Dr. Benjamin Keselowsky, UF BME professor and Dr. Mark Atkinson, UF professor, Departments of Pathology and Pediatrics, were awarded a new five-year T32 grant from the National Institute of Health (NIH) entitled, “Interdisciplinary Graduate Program in Type 1 Diabetes and Biomedical Engineering.”
Drs. Keselowsky and Atkinson are co-program directors working with Dr. Cherie Stabler and Dr. Clayton Mathews as associate co-directors.
Drs. Gregory Hudalla, Lin Yang and Edward Phelps will serve as training faculty on the biomedical engineering side to select BME students for enrollment into the T32 training program, which includes formal coursework, skill development workshops, seminars and journal clubs.
The training program designed for co-mentoring of pre-doctoral students in an environment and culture providing strong interdisciplinary support for bioengineering and type 1 diabetes (T1D), will result in a new generation of researchers poised to contribute to a fuller understanding of, and new technologies for disease management, prevention and reversal.
Recent advances, largely technology-based, have led to dramatic improvements in disease management for those living with T1D. However, despite an obvious need, the number of individuals cross-trained in the disciplines of biomedical engineering and T1D is extremely limited. This effort is designed to develop pre-doctoral students into graduates having skill sets and knowledge vital for endeavors that bridge these two disciplines.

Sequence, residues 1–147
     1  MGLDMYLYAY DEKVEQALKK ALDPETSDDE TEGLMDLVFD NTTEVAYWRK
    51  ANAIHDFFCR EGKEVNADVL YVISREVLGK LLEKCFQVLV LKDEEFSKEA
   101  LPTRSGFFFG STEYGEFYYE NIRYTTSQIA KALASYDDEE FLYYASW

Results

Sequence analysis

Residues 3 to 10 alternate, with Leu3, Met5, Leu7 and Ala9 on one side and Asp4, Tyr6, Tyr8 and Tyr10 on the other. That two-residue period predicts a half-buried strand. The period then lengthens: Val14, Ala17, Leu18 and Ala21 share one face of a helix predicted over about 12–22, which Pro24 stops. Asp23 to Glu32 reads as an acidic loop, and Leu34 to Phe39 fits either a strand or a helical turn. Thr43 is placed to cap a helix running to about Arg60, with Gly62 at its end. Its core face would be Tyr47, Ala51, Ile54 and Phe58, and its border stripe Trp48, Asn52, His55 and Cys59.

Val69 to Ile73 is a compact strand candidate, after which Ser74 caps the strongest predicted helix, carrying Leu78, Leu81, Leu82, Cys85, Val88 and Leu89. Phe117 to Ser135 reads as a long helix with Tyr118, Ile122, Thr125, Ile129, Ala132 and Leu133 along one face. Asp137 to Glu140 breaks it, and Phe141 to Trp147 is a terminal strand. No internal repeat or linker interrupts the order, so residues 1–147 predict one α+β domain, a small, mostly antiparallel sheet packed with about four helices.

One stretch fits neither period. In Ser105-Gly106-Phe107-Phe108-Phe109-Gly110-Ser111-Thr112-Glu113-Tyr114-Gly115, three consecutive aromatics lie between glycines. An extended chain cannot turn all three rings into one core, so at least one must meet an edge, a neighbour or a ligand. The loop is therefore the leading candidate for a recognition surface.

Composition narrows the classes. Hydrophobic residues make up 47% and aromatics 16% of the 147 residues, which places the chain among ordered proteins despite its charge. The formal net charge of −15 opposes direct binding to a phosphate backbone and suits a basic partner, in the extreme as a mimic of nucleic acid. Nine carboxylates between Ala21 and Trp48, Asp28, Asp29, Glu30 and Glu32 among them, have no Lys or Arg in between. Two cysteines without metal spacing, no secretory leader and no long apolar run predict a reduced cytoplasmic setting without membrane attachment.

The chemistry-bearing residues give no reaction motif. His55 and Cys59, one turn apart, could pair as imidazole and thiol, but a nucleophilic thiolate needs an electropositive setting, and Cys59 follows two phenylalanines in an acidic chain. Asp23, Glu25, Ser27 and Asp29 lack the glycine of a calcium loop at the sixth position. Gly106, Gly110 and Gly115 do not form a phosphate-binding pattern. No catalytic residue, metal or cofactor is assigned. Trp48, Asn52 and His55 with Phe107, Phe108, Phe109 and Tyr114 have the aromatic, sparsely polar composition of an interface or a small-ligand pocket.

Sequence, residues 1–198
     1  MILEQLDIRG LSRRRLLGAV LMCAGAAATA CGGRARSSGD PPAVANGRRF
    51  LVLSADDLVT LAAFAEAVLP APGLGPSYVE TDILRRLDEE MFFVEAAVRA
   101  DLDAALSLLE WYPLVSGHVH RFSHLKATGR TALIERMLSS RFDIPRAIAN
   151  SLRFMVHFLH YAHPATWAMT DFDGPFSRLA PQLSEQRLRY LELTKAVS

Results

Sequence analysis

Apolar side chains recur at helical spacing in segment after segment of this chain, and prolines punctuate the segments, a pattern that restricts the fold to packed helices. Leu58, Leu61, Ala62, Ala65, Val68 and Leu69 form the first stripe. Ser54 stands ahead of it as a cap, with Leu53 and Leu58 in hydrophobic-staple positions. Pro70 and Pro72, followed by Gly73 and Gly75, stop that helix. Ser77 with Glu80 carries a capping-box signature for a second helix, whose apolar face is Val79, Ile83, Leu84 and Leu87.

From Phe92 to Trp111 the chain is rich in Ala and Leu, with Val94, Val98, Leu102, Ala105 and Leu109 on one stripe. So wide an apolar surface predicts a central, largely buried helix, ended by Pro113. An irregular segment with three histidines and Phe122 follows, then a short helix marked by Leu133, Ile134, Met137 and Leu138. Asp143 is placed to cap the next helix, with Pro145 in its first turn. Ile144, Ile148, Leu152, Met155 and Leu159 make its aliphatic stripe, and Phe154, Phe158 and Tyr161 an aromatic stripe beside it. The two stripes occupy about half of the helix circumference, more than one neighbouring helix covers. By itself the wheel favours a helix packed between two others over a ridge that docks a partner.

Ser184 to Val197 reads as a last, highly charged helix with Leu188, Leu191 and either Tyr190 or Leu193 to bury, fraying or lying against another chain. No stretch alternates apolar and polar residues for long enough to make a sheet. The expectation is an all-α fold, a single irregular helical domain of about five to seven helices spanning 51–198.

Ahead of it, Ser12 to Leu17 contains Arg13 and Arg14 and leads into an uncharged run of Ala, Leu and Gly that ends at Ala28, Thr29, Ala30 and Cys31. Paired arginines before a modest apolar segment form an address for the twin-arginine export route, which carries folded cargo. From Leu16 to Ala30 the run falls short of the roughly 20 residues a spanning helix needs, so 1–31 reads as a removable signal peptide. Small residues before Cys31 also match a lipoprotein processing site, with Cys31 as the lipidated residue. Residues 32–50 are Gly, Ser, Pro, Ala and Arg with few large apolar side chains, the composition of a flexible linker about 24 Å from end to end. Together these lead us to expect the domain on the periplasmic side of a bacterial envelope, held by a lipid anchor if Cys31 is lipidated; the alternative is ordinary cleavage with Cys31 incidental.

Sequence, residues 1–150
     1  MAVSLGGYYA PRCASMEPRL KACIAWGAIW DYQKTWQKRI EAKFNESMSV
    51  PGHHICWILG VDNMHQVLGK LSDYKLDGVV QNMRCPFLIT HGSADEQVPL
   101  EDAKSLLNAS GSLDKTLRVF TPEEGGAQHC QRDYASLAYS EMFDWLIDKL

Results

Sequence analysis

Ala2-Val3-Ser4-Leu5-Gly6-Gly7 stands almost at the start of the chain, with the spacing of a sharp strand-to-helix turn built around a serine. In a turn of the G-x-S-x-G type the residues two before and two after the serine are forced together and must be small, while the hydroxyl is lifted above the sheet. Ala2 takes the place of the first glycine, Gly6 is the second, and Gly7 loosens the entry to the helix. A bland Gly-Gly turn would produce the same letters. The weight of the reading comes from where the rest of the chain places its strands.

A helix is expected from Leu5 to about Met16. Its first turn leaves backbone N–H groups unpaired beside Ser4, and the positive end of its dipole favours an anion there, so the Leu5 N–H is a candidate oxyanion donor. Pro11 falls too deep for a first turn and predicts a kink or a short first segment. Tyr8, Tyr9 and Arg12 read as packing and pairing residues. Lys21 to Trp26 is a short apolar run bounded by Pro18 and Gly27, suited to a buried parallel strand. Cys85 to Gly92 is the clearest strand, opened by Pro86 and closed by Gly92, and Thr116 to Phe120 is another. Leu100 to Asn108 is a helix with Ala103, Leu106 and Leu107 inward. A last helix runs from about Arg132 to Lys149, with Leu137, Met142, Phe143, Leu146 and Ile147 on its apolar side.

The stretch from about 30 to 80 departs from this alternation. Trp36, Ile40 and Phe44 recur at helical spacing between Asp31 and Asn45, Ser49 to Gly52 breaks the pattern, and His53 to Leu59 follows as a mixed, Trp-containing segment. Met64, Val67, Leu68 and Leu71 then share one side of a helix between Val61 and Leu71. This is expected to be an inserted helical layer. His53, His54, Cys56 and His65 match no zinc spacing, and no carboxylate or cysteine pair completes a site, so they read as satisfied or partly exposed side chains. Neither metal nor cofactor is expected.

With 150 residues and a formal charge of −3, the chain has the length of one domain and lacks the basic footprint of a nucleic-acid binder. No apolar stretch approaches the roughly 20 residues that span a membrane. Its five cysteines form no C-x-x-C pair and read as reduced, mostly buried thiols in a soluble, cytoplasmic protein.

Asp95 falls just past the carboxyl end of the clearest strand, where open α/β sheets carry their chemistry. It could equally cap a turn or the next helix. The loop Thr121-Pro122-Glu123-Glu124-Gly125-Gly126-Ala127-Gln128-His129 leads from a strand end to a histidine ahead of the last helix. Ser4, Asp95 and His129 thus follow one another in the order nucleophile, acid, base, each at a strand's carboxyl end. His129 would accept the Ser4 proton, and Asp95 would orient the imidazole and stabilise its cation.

With nearly 30 million Americans afflicted, the majority of such attention has been directed at type 2 diabetes (T2D), given the predominance of such cases. However, T1D, the autoimmune form of the disease, is also rising at unexplainable rates and carries with it higher levels of long-term morbidity and mortality. Despite years of attempts to identify methods to prevent and/or cure T1D, no such therapy currently exists.
This, in turn, forms the need to train a generation of future scientists in fundamental biomedical sciences, engineering principles, and clinical practice to effectively link their research to address the prevention, reversal and treatment of T1D.
The grant consists of four student slots each year for five years, half of which is allotted for the training of students in the area of diabetes and biomedical engineering.
BME students will be paired with a BME faculty mentor and a diabetes faculty mentor, and assistant-level faculty (preceptors in training) will be paired with a senior faculty mentor.